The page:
The Frida Kahlo Barbie? * unibrow sold separately

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[Written By: Shamso Abdirahman]

For this year’s International Women’s Day, Mattel announced their Inspiring Women collection with a series of 17 dolls commemorating iconic women throughout history. One of the figures being the influential Mexican artist Frida Kahlo.

Whilst it is a very pretty Barbie, it essentially bears no resemblance to her and so Mattel’s tribute to Frida Kahlo falls flat.

The ‘frida’ doll dons the famous flower crown, braided hair and red-fringed shawl, but you’d have to squint to make out the unibrow Kahlo boldly wore. The plastic Frida has no upper lip hair (or any facial hair at that), its slim upright form gives no clue to the real Frida’s disabled body; and the doll is questionably fairer in complexion.

Truth is, the ‘mother of the selfie’ embraced her striking appearance as testament to her rejection of oppressive western beauty ideals; the same ones which Barbie upholds to this day. What could have been the Toy Company’s moment to squash years of criticism over its leading doll’s eurocentric and unrealistic beauty standards, saw them instead showcase a white-washed, palatable reimagining of a brown woman. In her many surreal self-portraits, Frida Kahlo enhanced her dark facial hairs and also drew herself in a wheelchair. Kahlo documented her disability; having been born with spina bifida and suffered serious physical injuries as a teenager from a bus accident. She did anything but conceal any part of her physicality and Mattel’s depiction of her erases the identity she unapologetically drew and celebrated.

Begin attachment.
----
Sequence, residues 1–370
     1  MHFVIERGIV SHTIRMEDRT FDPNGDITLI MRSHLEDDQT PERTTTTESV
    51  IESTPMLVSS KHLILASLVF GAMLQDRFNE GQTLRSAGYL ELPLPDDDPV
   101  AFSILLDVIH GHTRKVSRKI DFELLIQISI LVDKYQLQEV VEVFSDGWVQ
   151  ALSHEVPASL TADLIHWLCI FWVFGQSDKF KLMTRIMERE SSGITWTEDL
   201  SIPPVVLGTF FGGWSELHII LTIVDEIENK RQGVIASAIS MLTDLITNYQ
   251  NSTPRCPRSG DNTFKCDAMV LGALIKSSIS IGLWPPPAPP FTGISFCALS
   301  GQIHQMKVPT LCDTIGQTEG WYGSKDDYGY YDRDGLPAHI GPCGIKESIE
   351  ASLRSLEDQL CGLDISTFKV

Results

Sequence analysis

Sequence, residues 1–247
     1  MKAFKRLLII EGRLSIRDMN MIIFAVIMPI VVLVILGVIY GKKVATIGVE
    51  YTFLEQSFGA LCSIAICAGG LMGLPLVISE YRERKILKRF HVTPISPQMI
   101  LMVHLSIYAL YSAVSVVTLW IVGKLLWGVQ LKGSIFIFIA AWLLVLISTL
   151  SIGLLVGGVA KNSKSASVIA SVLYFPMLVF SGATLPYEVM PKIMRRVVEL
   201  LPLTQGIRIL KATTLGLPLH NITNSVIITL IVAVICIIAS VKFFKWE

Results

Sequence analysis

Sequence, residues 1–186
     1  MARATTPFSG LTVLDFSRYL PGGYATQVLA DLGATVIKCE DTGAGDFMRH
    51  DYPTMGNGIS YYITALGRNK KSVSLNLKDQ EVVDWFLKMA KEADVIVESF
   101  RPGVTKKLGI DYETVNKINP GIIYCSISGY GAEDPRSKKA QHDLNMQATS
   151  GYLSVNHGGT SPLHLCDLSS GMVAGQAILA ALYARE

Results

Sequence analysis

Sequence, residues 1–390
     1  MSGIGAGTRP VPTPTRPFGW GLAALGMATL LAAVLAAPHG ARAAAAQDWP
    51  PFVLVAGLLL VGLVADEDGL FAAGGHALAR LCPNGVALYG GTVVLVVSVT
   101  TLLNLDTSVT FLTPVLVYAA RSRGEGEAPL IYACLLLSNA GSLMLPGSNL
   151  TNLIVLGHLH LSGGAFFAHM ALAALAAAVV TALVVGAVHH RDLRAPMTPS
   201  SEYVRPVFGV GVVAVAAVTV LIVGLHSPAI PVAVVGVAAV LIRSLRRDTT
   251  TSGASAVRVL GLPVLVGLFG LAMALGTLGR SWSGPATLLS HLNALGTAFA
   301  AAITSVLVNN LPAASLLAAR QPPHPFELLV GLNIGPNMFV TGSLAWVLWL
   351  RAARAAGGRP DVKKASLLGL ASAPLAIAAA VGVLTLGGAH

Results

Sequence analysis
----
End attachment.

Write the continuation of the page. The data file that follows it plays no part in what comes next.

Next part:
For a long time mainstream culture has romanticised Frida Kahlo’s legacy of anti-establishment; making her the epitome of the ‘rebel woman’. The popularity of her image is obvious, with her face now plastered on everything from posters and jewellery to classic Halloween get-ups. The irony of the commodification of a women whose politics labelled capitalism as a societal ill must also be mentioned. (Urban Outfitters is yet to sell ‘Marxism Will Give Health to the Sick’- slogan T’s).

Kahlo’s family have issued a statement against the Doll, stating they never gave Mattel permission and as a result would be taking “necessary measures”. Mattel responded saying they have legally obtained the rights from the Frida Kahlo Corporation.

Salma Hayek, who earned an Oscar nod for her portrayal of the artist in the 2002 biopic Frida took to her Instagram to call out the toy company’s insensitive move: “#FridaKahlo never tried to be or look like anyone else. She celebrated her uniqueness. How could they turn her into a Barbie(?)”

Hayek’s words ring true for anyone who has taken the time and care to understand Frida Kahlo’s art which explored the complexities of the female form and identity. For many her art and image promotes the notion of accepting one’s self; flaws and all.  Mattel chose Frida Kahlo as one of their role models because ‘Her extraordinary life and art continue to influence and inspire others to follow their dreams and paint their own realities.’  Yet, this Barbie iteration insults the artist’s sentiments of non-conformity and risks ignoring the enduring power of her legacy.


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